ABC’s Matthew Jaffe reports: With under 30 hours left before the government will shut down if both parties cannot agree on a budget deal, one Democratic senator is blaming President Obama for ineffective leadership.
“Is the President showing enough leadership?” ABC News’ Jonathan Karl asked West Virginia Democrat Joe Manchin today.
“Ah, it’s a different form of leadership,” Manchin replied.
“What do you mean?”
“You know I’m not going to criticize,” Manchin said, before adding, “It’s not what I’m used to and it’s not what I ‘vet seen to be effective from my vantage point.”
“Is it working?” Karl asked.
“It doesn’t seem to be working because I think the President’s the only one who looks at all 50 states,” Manchin replied. “There’s not going to be a delegate or congressperson or senator that’s going to see all 50 states the way one person sees it. I’m going to look at what’s good for West Virginia and what hurts West Virginia more if you do this or that and I’m going to defend it, as I’m responsible to do and as I’m expected to do. And everyone else the same.”
“There’s one person who can say wait a minute, this is what’s good for all America,” Manchin continued. “This is who we are as Americans. These are our values as Americans and this is where we draw the line. And the public will speak. They’ll have a chance to speak at the next election. But frankly I don’t care and I’m not worried about the next election. If we don’t get our financial house in order and our next generation isn’t going to have a chance.”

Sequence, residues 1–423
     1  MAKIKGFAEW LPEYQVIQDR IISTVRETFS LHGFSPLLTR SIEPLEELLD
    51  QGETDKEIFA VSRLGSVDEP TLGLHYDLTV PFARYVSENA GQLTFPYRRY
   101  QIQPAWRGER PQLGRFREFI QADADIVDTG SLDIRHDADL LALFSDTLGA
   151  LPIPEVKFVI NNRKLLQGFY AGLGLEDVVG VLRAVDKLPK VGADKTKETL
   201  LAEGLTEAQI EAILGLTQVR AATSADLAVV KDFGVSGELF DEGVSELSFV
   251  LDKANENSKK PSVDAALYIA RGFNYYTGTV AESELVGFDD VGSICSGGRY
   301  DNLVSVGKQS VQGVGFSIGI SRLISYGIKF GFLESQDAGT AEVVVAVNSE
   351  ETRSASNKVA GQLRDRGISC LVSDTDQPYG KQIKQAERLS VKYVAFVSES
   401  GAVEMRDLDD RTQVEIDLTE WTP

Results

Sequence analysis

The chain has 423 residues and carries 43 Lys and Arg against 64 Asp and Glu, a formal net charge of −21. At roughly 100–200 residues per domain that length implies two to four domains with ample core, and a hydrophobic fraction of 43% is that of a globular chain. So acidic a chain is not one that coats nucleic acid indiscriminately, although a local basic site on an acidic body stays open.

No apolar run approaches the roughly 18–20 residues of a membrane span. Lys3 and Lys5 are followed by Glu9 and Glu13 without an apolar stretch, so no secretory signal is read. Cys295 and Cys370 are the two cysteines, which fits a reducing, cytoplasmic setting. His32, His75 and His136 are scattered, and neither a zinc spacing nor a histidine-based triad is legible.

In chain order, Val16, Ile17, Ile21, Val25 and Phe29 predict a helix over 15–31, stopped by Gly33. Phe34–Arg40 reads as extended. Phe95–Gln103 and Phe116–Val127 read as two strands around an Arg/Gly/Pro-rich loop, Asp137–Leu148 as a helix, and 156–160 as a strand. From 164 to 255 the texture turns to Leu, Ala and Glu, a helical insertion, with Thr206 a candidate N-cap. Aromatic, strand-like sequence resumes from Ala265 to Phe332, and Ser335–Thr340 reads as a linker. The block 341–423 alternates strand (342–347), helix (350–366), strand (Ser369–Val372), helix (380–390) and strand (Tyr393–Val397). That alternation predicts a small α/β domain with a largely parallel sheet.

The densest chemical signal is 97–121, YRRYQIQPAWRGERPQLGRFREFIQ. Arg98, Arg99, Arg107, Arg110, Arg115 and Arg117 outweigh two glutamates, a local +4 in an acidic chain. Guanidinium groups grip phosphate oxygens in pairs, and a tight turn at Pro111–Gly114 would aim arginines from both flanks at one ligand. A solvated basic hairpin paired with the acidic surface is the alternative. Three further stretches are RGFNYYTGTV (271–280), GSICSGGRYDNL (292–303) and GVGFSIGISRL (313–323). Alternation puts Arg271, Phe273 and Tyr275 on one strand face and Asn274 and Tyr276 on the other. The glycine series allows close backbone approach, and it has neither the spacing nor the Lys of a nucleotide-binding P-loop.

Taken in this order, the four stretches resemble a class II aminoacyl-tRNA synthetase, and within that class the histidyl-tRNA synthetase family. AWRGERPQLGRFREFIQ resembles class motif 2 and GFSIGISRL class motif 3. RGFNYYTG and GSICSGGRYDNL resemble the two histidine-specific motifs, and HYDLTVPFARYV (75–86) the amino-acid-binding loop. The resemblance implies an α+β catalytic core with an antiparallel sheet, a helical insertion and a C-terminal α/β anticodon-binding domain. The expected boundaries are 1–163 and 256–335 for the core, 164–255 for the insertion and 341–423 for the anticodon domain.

It’s not the first time Manchin has criticized the White House.
In early March he first broke with his party in the budget debate, voting against the Democrats’ spending proposal and arguing that the president “has failed to lead this debate.” Then a few weeks later he said he will vote against raising the debt ceiling – as the administration has requested – unless his vote is linked to a plan to fix the nation’s soaring deficits.
Manchin today said that if the government shuts down he will return his salary to the US Treasury, calling on the president, the vice president, and other members of Congress to do the same.